Using Solar Energy at Home

Using Solar Energy at Home

It’s easier these days to access renewable energy resources than ever before. The cost of installing solar panels on your home or business has become much more financially feasible for more people. Looking back to 2017, for those using solar energy at home, the cost of solar panel installation has gone down by 6.5%.  This means that as time goes on hopefully more and more people will be able to transfer some amount of their electricity to solar.

Ready to bring a little more sunshine into your life with solar energy?

Here are three technologies that use solar power to make your home more efficient.

Solar Water Heating

Solar Water Heating – This works by the conversion of sunlight into heat for water heating using a solar thermal collector. Configurations vary depending on cost, climate and latitude, but essentially a sun-facing collector heats a working fluid that passes into a storage system for later use. A solar water heater can be both active, meaning they have a pump to move fluid along, or, passive and driven by natural convection. These systems can also use water only, or a combination of both water and a working fluid within the pump system. A solar water heater can either be heated directly or via light-concentrating mirrors and with larger-scale installations, mirrors might concentrate sunlight into a smaller collector. They can also function 100% on their own or as a hybrid with your gas or electric water heaters.

Solar Air Condiitoning

Solar Air Conditioning– There are three ways that this is typically done:

  • Passive solar – Firstly this has to do with the way in which a building is created; walls, floors, and windows are made to collect, store, reflect. In the winter the system would distribute solar energy in the form of heat and in the summer the system simply rejects solar heat. This is called passive solar design because it does not involve the use of mechanical and electrical devices.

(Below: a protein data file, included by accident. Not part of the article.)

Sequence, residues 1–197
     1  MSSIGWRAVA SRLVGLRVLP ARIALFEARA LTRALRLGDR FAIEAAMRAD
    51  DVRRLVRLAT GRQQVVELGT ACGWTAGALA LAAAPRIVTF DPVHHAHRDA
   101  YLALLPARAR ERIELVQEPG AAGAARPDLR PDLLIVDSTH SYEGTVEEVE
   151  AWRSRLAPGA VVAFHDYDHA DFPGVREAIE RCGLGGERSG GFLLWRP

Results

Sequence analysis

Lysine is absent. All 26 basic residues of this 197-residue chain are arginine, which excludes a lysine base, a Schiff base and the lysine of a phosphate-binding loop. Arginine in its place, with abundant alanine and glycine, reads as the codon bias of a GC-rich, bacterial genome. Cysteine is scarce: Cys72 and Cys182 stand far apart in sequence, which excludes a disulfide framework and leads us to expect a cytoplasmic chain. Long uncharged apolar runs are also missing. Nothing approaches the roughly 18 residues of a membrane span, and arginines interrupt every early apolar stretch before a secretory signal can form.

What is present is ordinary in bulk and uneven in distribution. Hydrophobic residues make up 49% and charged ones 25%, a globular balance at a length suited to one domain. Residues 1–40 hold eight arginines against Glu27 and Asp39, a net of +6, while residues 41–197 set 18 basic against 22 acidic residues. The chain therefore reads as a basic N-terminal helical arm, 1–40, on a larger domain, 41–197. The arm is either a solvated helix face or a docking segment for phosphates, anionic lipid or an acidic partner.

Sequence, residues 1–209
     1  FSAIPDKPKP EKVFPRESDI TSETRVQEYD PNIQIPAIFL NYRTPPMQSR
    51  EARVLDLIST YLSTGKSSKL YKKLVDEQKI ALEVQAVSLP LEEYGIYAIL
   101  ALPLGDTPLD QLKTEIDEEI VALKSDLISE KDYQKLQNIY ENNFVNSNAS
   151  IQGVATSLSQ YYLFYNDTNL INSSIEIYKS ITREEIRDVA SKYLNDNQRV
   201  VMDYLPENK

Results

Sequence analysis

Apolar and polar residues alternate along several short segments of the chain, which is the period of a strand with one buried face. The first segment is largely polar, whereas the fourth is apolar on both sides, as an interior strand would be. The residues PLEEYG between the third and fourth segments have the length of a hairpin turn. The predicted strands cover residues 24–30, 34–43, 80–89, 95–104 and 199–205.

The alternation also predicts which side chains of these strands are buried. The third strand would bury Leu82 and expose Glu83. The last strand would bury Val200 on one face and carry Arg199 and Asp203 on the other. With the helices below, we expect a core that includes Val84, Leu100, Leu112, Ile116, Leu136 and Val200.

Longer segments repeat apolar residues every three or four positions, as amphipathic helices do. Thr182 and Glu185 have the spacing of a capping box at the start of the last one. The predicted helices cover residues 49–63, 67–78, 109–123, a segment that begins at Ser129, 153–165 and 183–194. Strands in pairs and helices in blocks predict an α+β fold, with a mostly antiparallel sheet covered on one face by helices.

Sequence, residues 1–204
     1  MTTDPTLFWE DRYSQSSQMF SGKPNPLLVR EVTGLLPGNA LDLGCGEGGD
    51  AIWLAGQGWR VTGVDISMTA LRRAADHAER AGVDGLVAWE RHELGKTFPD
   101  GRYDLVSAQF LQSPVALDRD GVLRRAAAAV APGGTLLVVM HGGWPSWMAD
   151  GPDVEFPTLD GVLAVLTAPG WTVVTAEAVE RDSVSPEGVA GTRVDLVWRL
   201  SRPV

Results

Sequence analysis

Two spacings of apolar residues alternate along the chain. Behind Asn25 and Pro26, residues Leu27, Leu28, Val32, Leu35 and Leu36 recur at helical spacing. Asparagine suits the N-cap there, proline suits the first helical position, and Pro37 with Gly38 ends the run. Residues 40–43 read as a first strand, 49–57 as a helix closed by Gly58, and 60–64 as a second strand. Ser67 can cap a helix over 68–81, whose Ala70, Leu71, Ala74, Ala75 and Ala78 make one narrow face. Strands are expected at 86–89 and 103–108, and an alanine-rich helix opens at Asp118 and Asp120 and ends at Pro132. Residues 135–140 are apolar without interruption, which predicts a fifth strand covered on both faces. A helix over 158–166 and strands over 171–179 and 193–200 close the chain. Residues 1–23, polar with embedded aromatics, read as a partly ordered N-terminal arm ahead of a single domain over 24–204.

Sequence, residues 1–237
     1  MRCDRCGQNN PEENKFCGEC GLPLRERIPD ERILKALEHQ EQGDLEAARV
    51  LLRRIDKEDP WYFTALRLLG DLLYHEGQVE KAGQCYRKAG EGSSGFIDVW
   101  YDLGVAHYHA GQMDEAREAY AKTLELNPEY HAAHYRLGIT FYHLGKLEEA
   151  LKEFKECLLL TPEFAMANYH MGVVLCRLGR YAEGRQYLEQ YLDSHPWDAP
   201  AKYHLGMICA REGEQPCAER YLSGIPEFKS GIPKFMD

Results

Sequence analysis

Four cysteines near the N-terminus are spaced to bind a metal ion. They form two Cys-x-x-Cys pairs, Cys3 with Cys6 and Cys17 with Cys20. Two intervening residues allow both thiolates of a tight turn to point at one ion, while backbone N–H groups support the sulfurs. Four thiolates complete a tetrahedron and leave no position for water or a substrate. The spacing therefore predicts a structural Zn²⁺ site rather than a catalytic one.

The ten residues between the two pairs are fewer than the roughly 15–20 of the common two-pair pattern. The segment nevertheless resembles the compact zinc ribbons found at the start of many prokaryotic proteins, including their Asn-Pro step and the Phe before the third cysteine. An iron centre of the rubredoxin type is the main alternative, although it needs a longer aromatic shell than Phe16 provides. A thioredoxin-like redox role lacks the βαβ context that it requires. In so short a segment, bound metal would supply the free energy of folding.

• Solar thermal energy conversion – There are three types classified by the United States Energy Information Administration;  low-, medium-, or high-temperature collectors. Low-temperature collectors are generally used to heat swimming pools or to heat ventilation air. Medium-temperature collectors are also usually used for heating water or air for residential and commercial use. High-temperature collectors concentrate sunlight using mirrors or lenses and are generally used for fulfilling heat requirements for things like electric power production.
  • Photovoltaic conversion (sunlight to electricity) – This conversion can be easily used as this kind of technology can convert sun energy into many different kinds of uses. Air conditioning is most commonly used in residences.  However, since photovoltaic conversion cooling’s cost-effectiveness depends largely on the cooling equipment and given the poor efficiencies in electrical cooling methods until recently it has not been cost-effective without subsidies. Luckily more efficient electrical cooling methods are coming onto the market and allowing longer payback schedules.

Solar Oven

Solar Oven – Sometimes called a solar cooker, this device uses the energy of direct sunlight to heat or cook food. Most solar ovens are relatively inexpensive, low-tech devices.  They can be easily bought or built at home and can be as powerful as a traditional stove or oven. In fact, because they use no fuel and cost nothing to operate, many nonprofit organizations are promoting their use worldwide in order to help reduce fuel costs and air pollution for lower-income populations. They work by concentrating sunlight using a mirrored surface onto a small cooking area, then convert the light energy into heat energy by concentrating the light energy on a receiver material, such as a pan, it is important to use materials that can retain heat. Heat is then trapped and can be used for cooking.

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